The last three days, my older son and I took short 25 to 30 mile rides on the Schuylkill River Trail. On all three days we were hit with torrential rain storms. On the third day my son noted that others we saw on the trail during the rain were much more likely to nod, wave, or in some other manner acknowledge our presence or greet us. He said he had been counting, and around 40% of riders did this. He also commented that on days with perfect weather (sunshine, low humidity and moderate temperatures) he usually noted a 10 to 20% rate of people greeting one another. Finally, he suggested that perhaps it was because people “braving” the foul weather felt more of a sense of kinship with others who were doing the same.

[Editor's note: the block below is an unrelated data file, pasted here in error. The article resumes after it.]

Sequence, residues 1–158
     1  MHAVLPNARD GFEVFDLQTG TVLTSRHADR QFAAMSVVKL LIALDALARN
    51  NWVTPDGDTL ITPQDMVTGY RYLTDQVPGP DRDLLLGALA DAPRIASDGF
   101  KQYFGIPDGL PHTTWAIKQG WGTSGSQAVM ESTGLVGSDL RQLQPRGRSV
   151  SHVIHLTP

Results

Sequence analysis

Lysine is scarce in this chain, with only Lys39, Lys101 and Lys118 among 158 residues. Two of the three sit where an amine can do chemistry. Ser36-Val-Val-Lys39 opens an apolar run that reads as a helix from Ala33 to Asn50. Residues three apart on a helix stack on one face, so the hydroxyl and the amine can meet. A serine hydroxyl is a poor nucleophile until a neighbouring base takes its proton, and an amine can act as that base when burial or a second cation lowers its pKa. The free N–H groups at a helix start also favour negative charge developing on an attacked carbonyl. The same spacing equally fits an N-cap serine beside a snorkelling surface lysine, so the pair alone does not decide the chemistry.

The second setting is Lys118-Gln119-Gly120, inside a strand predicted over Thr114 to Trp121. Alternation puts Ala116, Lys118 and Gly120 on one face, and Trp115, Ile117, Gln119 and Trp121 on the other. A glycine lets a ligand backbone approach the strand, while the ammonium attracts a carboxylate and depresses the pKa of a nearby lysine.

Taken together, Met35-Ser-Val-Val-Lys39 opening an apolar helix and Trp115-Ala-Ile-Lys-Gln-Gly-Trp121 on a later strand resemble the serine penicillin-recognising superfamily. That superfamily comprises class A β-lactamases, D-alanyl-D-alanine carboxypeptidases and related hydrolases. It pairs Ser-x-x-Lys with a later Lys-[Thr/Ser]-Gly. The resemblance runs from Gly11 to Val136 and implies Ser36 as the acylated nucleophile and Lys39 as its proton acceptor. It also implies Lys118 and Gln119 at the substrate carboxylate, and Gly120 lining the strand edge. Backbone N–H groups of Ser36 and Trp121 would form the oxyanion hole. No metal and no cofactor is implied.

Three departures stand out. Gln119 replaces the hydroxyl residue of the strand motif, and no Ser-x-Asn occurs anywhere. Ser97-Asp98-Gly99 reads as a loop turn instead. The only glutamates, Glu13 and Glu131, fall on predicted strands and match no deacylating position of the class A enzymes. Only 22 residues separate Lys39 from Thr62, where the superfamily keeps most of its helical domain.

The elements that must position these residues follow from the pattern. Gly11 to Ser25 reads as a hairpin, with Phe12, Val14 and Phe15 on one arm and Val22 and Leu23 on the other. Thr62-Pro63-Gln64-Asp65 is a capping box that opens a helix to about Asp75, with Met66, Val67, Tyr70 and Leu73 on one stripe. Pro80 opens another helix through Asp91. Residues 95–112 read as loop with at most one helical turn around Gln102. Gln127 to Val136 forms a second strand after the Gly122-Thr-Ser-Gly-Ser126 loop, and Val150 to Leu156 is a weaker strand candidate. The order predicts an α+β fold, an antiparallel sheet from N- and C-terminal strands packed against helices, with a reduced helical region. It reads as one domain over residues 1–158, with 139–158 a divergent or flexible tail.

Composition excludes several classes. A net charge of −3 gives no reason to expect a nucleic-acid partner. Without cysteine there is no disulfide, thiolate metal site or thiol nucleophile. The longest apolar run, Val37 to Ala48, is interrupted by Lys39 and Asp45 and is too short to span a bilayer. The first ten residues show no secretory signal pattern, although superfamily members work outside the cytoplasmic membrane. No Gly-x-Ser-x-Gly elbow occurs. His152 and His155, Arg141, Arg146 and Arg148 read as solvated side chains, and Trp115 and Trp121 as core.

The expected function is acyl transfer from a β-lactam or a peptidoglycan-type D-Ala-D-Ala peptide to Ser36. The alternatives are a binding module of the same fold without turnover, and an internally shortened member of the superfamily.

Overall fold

This is somewhat of a big deal for him and me in that I have been pushing him the last several months to do more than just use the SWAG (scientific wild a$$ guess) method for reaching decisions (something he’s prone to do). I acknowledged that collecting the data was the first step, but that it would be premature to reach a conclusion regarding the data. He grinned and said, “Got it. We need to test my hypothesis.” So, the question is how might one realistically test this hypothesis? We’re open to ideas and suggestions. In the meantime and as a first step, how many of you could either confirm or reject the hypothesis based solely on your own behavior. Are you more prone to acknowledge/greet others out of a sense of kinship when there is some level of hardship involved?